What he was trying to say is that even the most awful, worst experiences of his life were good because he had learned something from them, and grown from them, and become the person he is today.  It’s all good.  Now, I would never say that to a person who was in the middle of a tragedy in their life.  But if we in our lives can come to the point when we can look back on everything, the good and the bad, the things we thought would break us, the stupid mistakes we made and to be able to say all of that is good because through those things I have learned who God made me to be.  I want to know who God made me to be, were it not for the difficult times as well as the joys.  It’s all good because through it I have been saved and being saved means learning who and what God made me to be.

 

Now the verse says two other things that I will mention just quickly.  It tells us who we are made to be.  It says that we are created in Christ Jesus for good works.  This is who God means us to be, has made us to be.  People created in Christ Jesus for good works.  I think there are six good works.  Six good works are love and mercy, justice and peace, truth and beauty.  This is what God has made us to be, people who practice love and mercy, justice and peace, truth and beauty.  If there are places in our life where we are choosing hate rather than love, we are not being who God made us to be.  If there are places in our life where we find ourselves being cruel, or places where we are participating in violence that hurts other people, or in things that are unjust that oppress other people, or things that are lies and not truth, or things that are ugly and not beautiful that do not make beauty, then we are not being who God made us to be.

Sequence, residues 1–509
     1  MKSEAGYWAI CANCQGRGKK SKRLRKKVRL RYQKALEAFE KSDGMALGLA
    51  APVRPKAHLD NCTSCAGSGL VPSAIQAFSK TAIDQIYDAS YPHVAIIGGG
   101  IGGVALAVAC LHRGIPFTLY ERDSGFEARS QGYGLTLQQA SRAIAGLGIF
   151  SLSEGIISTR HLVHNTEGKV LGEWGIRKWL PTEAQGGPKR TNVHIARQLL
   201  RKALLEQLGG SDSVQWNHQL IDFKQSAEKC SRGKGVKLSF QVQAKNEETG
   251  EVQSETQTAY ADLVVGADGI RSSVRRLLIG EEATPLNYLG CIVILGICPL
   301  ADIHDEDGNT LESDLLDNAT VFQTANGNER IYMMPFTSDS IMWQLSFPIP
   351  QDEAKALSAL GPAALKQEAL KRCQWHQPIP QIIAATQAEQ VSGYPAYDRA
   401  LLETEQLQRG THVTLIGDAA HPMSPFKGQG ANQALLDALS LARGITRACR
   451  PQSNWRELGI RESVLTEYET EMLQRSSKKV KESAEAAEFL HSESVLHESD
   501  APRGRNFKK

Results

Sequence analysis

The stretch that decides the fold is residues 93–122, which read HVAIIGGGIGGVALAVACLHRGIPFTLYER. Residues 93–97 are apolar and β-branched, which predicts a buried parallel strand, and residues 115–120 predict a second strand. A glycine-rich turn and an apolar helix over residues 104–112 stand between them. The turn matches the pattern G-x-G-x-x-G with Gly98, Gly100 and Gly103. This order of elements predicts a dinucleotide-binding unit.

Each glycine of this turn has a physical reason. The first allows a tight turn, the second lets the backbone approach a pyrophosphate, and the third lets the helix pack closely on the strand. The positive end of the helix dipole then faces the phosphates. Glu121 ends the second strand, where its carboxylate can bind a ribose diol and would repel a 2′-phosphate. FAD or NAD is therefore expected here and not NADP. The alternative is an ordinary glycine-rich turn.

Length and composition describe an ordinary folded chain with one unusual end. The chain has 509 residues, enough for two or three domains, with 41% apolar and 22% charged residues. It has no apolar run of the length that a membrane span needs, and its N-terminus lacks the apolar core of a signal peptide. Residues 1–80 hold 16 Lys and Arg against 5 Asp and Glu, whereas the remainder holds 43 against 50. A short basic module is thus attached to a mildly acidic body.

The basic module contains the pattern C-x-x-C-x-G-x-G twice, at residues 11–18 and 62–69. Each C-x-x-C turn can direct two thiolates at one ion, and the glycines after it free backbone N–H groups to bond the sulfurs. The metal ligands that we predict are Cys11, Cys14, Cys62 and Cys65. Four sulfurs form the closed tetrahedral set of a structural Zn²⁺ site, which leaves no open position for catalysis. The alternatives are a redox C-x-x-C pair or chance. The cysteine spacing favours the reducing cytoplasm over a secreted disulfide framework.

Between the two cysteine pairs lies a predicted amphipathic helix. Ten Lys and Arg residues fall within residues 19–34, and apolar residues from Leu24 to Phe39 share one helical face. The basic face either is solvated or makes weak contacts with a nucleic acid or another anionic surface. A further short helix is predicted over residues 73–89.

I was talking to a friend whom I know from outside of church this past week. He said to me in the middle of our conversation, “I need to find a new job.”  I asked him why he needed to find a new job and he said, “Because my present job is more and more of an expectation that I will do things that will deny services to poor people.”  He said, “I am coming to realize that is not who I am.”

 

If we are participating in things that are hateful rather than loving, cruel rather than merciful, that are violent rather than peaceful, unjust rather than just, lies or ugliness, then we are not being who God created us to be.

 

The last thing the verse says is this, “That even before we were made, God prepared all of this to be our way of life.”  God has great confidence in us.  God believes that in all of life and all of living, we will discover ourselves, and we will come to know who we really are and live it, and live it, and live it.